While a new-build property is an attractive option for many home buyers, there are advantages and disadvantages to consider to make sure it is the right choice for you. In this article we look at the financial implications of buying a new-build home, as well as the experience of purchasing and living in one.
What is a new build property?
A new-build property is usually any home that has been built within the last 2 years and no one has lived in before.
Different lenders can have slightly different definitions of what constitutes a new build. Nationwide, for example, allows for a new build to have been previously occupied or rented, as long as it is still in the ownership of the original developer and has been built within the last 2 years. The standard definition however is a recently-built, brand new property which is free from the maintenance costs or planning permission obstacles that can often plague older homes.
New-build properties nevertheless come with their own drawbacks and it is important to consider both the advantages and disadvantages of buying a new build before you make the leap.
What are the pros of buying a new-build property?
Government Help-to-Buy schemes
Many new-build properties have the advantage of being eligible for government incentives, such as the Help to Buy Equity Loan or the Help to Buy Shared Ownership scheme. These schemes are aimed at first-time buyers attempting to get onto the property ladder by minimising deposit or mortgage costs, and can help make the upfront costs of purchasing a home more manageable. If you are a first-time buyer, it would be worth checking to see if the property you have your eye on is eligible for a Help to Buy scheme.
Incentives from developers
Sometimes developers will offer incentives on new-build homes, ranging from armed forces discounts to covering your estate agent fees if you are moving from another property. For example, if you can provide a 10% deposit, Barratt Homes will boost you by an additional 5% of the purchase price and bring your mortgage down to just 85%. St. Modwen Homes, on the other hand, offer contributions to legal or moving fees for key workers.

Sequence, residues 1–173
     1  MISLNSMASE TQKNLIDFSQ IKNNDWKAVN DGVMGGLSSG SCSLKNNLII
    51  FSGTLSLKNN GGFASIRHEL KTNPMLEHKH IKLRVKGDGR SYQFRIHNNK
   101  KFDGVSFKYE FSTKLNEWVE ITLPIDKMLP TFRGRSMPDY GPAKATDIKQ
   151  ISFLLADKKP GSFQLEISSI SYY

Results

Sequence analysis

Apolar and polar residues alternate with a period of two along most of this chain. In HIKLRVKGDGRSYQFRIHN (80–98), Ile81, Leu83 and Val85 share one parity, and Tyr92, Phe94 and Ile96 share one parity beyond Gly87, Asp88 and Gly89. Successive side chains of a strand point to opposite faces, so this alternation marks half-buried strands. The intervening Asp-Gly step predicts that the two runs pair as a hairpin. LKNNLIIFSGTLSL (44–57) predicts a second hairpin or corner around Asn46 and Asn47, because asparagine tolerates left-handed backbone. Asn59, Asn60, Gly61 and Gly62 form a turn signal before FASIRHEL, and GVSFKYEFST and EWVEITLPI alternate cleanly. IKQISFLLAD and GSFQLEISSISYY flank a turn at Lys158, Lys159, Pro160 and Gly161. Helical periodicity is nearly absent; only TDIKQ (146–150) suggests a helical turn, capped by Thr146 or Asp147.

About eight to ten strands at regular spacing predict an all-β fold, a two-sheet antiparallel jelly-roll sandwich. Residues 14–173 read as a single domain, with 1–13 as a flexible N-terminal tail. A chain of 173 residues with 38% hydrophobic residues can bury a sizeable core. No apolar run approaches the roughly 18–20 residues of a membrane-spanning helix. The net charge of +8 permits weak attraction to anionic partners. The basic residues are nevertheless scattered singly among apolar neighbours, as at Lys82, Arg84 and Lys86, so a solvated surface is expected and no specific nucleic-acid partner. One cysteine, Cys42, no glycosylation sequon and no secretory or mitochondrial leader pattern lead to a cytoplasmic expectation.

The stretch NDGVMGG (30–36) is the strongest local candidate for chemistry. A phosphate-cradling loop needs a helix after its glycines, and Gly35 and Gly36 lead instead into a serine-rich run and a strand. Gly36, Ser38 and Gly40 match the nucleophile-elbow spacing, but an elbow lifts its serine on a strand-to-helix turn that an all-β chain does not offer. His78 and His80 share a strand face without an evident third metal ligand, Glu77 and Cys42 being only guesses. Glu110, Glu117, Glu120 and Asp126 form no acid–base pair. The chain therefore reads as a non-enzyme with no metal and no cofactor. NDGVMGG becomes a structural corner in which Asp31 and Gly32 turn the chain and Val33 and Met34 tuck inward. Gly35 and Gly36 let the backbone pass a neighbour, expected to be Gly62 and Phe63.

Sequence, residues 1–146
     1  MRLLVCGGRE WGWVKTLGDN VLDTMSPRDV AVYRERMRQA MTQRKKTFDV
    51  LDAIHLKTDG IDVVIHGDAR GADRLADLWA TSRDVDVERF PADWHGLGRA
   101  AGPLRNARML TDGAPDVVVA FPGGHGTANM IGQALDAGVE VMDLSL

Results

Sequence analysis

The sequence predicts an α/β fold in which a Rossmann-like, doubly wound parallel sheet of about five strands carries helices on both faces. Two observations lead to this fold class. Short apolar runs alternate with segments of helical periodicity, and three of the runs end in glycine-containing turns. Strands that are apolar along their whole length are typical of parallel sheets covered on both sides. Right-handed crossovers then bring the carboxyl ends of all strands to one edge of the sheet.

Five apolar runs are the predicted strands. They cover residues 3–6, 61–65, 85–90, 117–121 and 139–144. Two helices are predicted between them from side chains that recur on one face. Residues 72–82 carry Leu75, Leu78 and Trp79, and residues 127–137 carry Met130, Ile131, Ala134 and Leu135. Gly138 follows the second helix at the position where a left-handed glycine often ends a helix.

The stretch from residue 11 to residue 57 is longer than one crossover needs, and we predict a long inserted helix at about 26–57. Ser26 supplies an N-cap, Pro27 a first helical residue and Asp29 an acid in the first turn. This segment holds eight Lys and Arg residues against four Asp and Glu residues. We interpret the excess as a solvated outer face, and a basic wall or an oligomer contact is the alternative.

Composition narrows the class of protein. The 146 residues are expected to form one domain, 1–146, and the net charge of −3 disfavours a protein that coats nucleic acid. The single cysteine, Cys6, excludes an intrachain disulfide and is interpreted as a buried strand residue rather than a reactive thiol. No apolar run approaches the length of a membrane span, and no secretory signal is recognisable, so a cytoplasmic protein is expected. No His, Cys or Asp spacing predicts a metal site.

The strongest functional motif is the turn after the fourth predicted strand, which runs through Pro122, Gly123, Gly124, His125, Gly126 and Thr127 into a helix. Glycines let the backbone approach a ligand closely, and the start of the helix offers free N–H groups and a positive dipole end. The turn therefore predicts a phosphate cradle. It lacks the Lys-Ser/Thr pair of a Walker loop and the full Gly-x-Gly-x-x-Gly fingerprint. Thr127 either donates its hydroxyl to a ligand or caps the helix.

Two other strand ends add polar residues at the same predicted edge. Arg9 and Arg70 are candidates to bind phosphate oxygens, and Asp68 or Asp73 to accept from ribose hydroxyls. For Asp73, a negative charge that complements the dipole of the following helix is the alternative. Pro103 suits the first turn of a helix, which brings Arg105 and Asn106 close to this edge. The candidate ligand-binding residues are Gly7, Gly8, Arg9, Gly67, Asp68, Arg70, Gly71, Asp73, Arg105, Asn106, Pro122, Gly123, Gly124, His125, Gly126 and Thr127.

All new-build properties come with a 10-year structural warranty from the National House Building Council, meaning you will not have to pay out if anything goes wrong. It is usually a condition on mortgage applications that a structural warranty is in place. Major structural damage and weatherproofing are usually covered by this scheme, giving you the peace of mind that any unforeseen integral damage to your property will not have to be corrected out of your own pocket.
No buyer chain
Since usually no one has lived in a new-build property before, there is no chain of buyers above you, which means that you can move in as soon as you have finalised the purchase. Older homes often come with the caveat of having to wait for the previous occupants to complete their own property search and move out. A new build is ready and waiting for you to move in to as soon as your contract is sorted which removes the stress of juggling someone else's timetable on top of your own, and leaves you free to move on your own terms.
New-build homes have to meet minimum energy efficiency standards and so tend to be designed with modern facilities in mind, such as double glazing and insulation, which can help you save money on your energy bills - with the added bonus of being more environmentally friendly. With the cost of energy rising exponentially, a new-build property could save you more money on utilities in the long term compared to an older property of a similar value.